After letting the decals dry well, I applied two coats of automotive varnish to protect the decoration in the usual way: the first, carefully so that it covers the entire car well, trying to make it look as good as possible but without worrying excessively about the final result, the function the main thing is that it covers the entire surface well. After letting that first coat of varnish dry well, for at least three days, although I usually leave it to dry for about a week, I gently sand the surface of the car with 1200 or 1500 grit sandpaper, to eliminate dust spots or defects that have left after applying that first coat of varnish and wash the car. I dry it with a hair dryer and apply the second coat of varnish, this time a little more diluted so that it levels more easily on the surface, and taking great care that it is well applied and that no dust falls on it to damage the work. After letting this second coat of varnish dry for about a week, the body was like this:
The decoration of the interior, as I have been doing lately, was based on the metallic gray color (Tamiya reference X-11 applied with the airbrush) for the tray and the roll bars, and the matt black (Tamiya reference XF-1 applied with the airbrush) for the dashboard, seat and rear of the passenger compartment. The rest of the components are painted with Vallejo acrylic colors except the fire extinguisher, which I painted in Tamiya X-7 gloss red. Little by little I am getting to paint the interiors a little better and with more chromatic variety.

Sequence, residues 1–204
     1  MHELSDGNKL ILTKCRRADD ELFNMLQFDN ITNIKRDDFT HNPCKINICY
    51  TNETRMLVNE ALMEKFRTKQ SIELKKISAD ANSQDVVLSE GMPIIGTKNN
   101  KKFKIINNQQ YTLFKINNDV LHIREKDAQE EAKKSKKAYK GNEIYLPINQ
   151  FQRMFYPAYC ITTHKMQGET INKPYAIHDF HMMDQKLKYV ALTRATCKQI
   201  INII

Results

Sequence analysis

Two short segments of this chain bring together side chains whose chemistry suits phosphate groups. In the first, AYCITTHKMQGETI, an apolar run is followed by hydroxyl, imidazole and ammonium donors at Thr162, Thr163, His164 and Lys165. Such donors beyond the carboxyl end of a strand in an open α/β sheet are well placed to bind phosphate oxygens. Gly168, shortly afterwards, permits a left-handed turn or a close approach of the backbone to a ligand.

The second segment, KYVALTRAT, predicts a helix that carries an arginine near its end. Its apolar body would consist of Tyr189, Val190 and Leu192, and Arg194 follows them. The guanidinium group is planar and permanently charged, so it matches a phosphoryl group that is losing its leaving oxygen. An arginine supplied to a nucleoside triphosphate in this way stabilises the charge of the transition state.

I paint the rest of the body components as follows:
The car´s chassis came fully assembled, so I only had to put the hubcaps on the wheels, after having painted them with Humbrol matt black enamel applied with the airbrush.
The rear fan is an independent part of the chassis, I painted it in the same way as the hubcaps and, as I did with the radiator, I applied the silver color reference 70.997 of Vallejo with the dry brush technique to give it a little depth with the result that you can see below:
Finally, it only remained to paint the windows so as not to leave them completely transparent and the car´s headlights. I painted the windoews and the windscreen on the inside with humbrol enamel applied with the airbrush. Previously, I had placed masks made of adhesive paper so that the paint only remained on the edges of the windows. I painted the taillights with Tamiya X-27 translucent red once they had been fitted to the body, so that the paint would not scractch during its instalation.
And after a careful assembly process with an solderin iron of all the parts that make up the body and after fitting the chassis and body, the slot car was as follows:
It is a pleasure when build a slot car works so well. All the tests I have done on this car have been successful, the tests with the paint, with the masking, the simple but elegant decoration, the varnish very well applied, the result as a whole ... I have rarely been so satisfied with a decoration. I am really satisfied with the result, and being as I am so particular and demanding, that is saying a lot.Go to top